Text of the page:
One can then focus on growing in their faith. This is way beyond simple knowledge or information download of facts and figures and data. What we are talking about here is a relationship based on a friendship with God in the context of a relationship with spending time in prayer, meditation, quietness and listening. Grace is paramount as the foundation; God loves and honors you…just because. Bible study becomes more than a daily chore or download with the Holy Spirit making the pages of the Bible alive and living— change/transformation becomes possible.
Translating this love of God to our kids—
1. How do I translate something as intangible as love and faith toward God to my kids?
2. How do I adequately model and live with this belief/faith/paradigmto those that love the most?
3. How do I properly translate the God to my children?
4. Who’s up for such a task is this?
5. How do I not make the same mistakes as so many fathers before me, who failed or ignored the mandate to show their kids the true love of God?
I have a mandate and an inner compelling to want to give my kids at least a small vision of the father heart of God and to show them his heart/kindness through my actions, words and deeds.
How can I get connected enough to God to genuinely be a conduit of his love for His purpose?
Once I have that connection, how do I then form a lifelong relationship with by children? Then I can pass along more than to spiritual values—a true life-changing relationship to the God of the universe who truly loves us all?
This is the stuff of Spiritual Legacy. This is the deeper stuff of life and parenting. This is the core of fathering and parenting. Fail at this and fail as a parent.
Tools of Effective Legacy: a Relationship with God
The most important “tool” is a genuine relationship with God, both as an individual and as a family.
Writing about our relationship with God is extremely difficult. So let’s start with what it is not.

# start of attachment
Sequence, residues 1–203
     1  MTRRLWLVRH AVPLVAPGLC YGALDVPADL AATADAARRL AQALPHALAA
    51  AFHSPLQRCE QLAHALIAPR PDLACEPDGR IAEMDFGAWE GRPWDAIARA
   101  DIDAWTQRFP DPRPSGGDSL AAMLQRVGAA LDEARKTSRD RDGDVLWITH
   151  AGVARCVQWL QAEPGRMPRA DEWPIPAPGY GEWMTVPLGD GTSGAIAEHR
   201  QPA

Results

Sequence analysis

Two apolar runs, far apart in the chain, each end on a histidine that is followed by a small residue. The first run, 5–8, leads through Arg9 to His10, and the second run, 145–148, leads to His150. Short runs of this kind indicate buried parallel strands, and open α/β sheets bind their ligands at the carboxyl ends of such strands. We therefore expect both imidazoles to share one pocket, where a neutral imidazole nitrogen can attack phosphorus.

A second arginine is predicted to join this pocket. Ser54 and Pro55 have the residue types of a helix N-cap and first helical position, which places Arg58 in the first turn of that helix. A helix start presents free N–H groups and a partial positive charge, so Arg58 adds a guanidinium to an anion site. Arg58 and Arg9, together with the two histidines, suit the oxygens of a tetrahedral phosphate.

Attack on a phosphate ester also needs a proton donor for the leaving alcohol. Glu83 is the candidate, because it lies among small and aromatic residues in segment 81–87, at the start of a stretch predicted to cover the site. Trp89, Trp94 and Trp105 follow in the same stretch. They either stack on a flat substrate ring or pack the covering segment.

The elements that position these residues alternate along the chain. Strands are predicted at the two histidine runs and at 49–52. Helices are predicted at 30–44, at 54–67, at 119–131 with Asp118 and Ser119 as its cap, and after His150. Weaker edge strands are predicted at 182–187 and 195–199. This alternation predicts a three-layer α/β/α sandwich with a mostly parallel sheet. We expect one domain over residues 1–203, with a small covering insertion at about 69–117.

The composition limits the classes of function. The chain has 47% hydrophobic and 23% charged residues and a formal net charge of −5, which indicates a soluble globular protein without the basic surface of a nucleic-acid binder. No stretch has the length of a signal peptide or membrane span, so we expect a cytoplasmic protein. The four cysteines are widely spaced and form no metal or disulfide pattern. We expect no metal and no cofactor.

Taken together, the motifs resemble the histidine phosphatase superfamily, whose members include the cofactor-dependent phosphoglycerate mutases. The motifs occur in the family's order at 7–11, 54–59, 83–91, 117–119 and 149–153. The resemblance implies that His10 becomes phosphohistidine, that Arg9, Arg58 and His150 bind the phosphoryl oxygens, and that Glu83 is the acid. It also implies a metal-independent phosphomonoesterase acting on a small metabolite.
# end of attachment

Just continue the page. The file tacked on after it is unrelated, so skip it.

It is not:
1. About attending church
2. About giving money
3. About being” good “
4. About being religious
5. About being condemning, condescending, or arrogant about one’s faith
6. About religious activity, service, or lifestyle
What it is about:
1. Knowing and understanding God’s Word–the Bible and reading and meditating on it regularly.
2. Understanding and having a genuine salvation/saving relationship with God by faith in Christ.
3. Being a person who prays on a regular basis, who has two-way conversations with God.
4. Being a person who’s quick to repent, be humble, and truly make things right, admitting it when you are wrong.
5. Being a person who’s willing to serve others, even at your own expense.
6. Living an obedient life, not out of obligation, but out of thankfulness and deep gratitude for all God has done for you.
7. Allowing God’s full expression in your thoughts, deeds, words, motivation, attitude, resources, and so much more.
8. Being a person who puts her walk with God as the number one priority in life, through prayer, Bible study, praise, worship, sharing my faith, serving my church and community and all fellow humans.
9. Obeying God in the small stuff, being sensitive to details and doing the right thing even when no one is looking….even when it hurts.
10. Relaxing, taking deep breaths, simply appreciating the life and the love God has given you, realizing you cannot add to this love. You can only respond to it by living in the moment, and being the obedient son/daughter He’s asked that you to be.
11. Utilizing the gifts and the resources He’s given you in the way that He leads you.
12. Having a heart attitude and disposition that seeks to glorify God in every aspect of life.
Much of this has to do with what I call a “heart attitude”, the core belief system/personal disposition that governs all behaviors, words, deeds, and attitudes.
It stems from the realization of all that God has done for me, is doing, and will do in the future. It comes from a heart of deep gratitude, which seeks to please, not repay, or pay penance, to the God who loves me and has given his all for my life and eternity.